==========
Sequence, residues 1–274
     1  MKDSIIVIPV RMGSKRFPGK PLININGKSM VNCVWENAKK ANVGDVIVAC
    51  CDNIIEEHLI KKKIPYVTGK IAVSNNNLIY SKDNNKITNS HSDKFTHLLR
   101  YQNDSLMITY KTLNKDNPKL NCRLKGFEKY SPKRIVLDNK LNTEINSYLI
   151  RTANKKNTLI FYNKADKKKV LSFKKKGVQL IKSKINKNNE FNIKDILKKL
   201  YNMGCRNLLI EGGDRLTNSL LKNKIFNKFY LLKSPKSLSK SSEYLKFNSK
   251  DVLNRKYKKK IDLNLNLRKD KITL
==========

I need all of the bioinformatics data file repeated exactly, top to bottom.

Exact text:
Sequence, residues 1–274
     1  MKDSIIVIPV RMGSKRFPGK PLININGKSM VNCVWENAKK ANVGDVIVAC
    51  CDNIIEEHLI KKKIPYVTGK IAVSNNNLIY SKDNNKITNS HSDKFTHLLR
   101  YQNDSLMITY KTLNKDNPKL NCRLKGFEKY SPKRIVLDNK LNTEINSYLI
   151  RTANKKNTLI FYNKADKKKV LSFKKKGVQL IKSKINKNNE FNIKDILKKL
   201  YNMGCRNLLI EGGDRLTNSL LKNKIFNKFY LLKSPKSLSK SSEYLKFNSK
   251  DVLNRKYKKK IDLNLNLRKD KITL